The convenor of Glasgow’s GMB union has warned that cleansing workers will have no option but to go on strike nationwide if a pay settlement can’t be reached with COSLA.
At the beginning of the summer, the trade union issued a ballot to workers in every Scottish local authority on potential industrial action after they turned down a 2% pay offer.
The ballot, which will run until Tuesday, July 26, will determine how workers want to proceed as GMB convenor Chris Mitchell believes that workers will be left with no choice but to go on strike if they can’t reach an agreeable pay settlement.
Mitchell also said he was hopeful that the Scottish Government will give COSLA some more money to prevent a nationwide strike.
Holyrood says it is doing everything in its power to help ease the cost of living crisis and that all parties should continue to keep an open dialogue to prevent a strike.
Mitchell said: “We are hopeful that the Scottish Government will give a bit more money to COSLA as the workforce has had enough of insulting pay offers with the cost of living crisis having a devastating impact on low paid workers.
“If you look right across the country, employees in different sectors are and are willing to take industrial action because they feel it’s the only option left to deal with the cost of living crisis.
“For public sector workers in Scotland the 2% pay offer is insulting. If the Scottish Government is serious in tackling workplace poverty then they should be giving COSLA more money, then in turn they can put an offer on the table that will help with the burden on so many low paid workers.
“If they refuse then they must be prepared for strike action which is something no one wants. Unfortunately the ball is in their court.”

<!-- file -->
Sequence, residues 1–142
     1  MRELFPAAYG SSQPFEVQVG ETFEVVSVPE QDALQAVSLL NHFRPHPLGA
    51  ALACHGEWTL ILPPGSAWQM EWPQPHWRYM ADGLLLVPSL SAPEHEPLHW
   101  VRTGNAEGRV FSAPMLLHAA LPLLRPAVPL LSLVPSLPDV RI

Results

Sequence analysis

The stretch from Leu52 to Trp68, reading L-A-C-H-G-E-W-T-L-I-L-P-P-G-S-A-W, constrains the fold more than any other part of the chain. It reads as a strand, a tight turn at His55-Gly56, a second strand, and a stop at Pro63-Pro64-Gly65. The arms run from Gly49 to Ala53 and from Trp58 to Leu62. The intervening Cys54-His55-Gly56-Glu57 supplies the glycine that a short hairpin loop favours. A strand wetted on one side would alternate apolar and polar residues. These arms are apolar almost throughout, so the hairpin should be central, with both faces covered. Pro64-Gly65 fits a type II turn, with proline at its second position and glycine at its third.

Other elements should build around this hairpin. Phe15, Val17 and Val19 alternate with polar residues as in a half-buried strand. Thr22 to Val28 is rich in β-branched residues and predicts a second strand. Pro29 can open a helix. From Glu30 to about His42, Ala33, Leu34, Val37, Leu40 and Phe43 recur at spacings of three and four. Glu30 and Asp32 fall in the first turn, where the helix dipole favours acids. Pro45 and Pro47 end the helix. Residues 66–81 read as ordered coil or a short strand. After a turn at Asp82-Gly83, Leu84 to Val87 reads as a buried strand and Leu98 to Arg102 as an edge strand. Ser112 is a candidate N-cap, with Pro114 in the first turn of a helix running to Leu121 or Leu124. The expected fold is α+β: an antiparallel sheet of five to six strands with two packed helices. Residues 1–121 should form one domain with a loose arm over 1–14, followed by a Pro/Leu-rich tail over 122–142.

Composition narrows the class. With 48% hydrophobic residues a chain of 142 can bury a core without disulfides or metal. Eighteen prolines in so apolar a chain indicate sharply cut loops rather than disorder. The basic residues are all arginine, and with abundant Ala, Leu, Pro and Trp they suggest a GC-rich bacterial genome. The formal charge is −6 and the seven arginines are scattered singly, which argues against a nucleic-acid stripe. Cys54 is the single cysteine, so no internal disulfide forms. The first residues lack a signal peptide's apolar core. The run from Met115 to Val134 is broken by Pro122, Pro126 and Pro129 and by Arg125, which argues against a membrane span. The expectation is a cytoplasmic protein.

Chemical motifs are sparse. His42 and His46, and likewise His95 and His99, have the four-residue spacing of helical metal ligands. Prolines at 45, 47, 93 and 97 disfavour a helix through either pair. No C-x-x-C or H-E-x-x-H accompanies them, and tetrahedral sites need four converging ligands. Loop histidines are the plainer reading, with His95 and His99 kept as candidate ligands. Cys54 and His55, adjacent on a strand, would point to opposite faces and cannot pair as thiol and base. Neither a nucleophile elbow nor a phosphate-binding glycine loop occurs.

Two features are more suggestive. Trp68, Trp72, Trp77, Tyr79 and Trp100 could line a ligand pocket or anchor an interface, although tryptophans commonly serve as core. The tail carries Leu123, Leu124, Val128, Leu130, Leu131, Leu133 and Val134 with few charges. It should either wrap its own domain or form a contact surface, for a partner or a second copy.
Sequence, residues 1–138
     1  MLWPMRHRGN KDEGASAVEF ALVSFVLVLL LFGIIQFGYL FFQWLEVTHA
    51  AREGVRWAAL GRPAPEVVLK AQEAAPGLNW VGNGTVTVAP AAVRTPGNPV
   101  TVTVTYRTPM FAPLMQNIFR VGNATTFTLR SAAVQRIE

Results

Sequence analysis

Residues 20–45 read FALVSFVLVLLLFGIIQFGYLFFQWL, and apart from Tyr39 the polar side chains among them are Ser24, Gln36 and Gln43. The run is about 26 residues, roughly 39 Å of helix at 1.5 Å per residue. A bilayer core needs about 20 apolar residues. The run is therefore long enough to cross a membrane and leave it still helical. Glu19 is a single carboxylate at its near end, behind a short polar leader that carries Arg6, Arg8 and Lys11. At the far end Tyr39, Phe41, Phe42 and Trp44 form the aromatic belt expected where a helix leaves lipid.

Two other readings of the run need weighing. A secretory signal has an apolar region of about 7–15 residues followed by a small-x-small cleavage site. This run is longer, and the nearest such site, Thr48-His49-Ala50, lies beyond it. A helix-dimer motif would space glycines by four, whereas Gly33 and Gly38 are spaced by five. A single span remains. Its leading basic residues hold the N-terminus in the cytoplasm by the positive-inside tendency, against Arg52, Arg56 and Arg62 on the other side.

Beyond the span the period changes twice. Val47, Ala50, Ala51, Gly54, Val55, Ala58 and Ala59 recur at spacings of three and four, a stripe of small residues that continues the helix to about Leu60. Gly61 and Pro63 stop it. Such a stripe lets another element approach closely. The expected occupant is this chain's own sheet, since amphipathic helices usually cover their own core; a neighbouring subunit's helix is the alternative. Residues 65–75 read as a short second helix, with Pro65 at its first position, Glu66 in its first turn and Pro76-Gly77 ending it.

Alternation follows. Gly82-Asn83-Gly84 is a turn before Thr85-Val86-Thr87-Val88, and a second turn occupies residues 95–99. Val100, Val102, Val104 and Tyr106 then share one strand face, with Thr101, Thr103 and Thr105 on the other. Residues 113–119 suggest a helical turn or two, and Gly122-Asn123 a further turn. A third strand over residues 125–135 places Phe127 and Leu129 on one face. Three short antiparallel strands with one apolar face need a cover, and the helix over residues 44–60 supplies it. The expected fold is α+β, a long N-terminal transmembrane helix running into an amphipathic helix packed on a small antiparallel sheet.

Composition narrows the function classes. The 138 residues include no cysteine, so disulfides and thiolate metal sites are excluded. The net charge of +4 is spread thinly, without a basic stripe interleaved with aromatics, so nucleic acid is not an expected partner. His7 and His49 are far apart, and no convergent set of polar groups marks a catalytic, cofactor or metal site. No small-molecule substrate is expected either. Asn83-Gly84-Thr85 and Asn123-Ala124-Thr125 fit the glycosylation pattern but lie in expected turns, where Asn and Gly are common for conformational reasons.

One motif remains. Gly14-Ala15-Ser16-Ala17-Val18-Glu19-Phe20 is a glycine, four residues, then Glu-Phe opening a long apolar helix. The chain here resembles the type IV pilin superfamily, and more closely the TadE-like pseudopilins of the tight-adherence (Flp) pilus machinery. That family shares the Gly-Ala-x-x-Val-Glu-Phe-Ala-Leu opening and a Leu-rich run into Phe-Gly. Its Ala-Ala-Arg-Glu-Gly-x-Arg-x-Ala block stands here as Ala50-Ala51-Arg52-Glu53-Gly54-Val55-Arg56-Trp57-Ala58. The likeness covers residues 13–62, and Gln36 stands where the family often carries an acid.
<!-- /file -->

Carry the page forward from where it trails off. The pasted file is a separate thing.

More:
The Scottish Government says it is doing what it can to ensure people are given as much support as possible during this challenging time.
A spokesperson said: “The Scottish Government is doing everything possible with the powers we have to ensure people, communities and businesses are given as much support as possible to deal with the rising cost of living – but most of the key economic powers needed still lie with the UK Government.
“The situation is being made worse by the impact of Brexit – which Scotland rejected – and its effect on issues like labour market shortages and inflation.
“Pay settlements for council workers – excluding teachers – are a matter for COSLA and are determined through negotiations at the Scottish Joint Committee (SJC). As it is not a member of the SJC, the Scottish Government cannot directly intervene in pay negotiations, which are for the trade unions to negotiate with COSLA.
“The Scottish Government urges all parties to continue dialogue and seek a resolution which avoids industrial action.”
A COSLA Spokesperson added: “We remain in ongoing negotiations with our trade union partners.”
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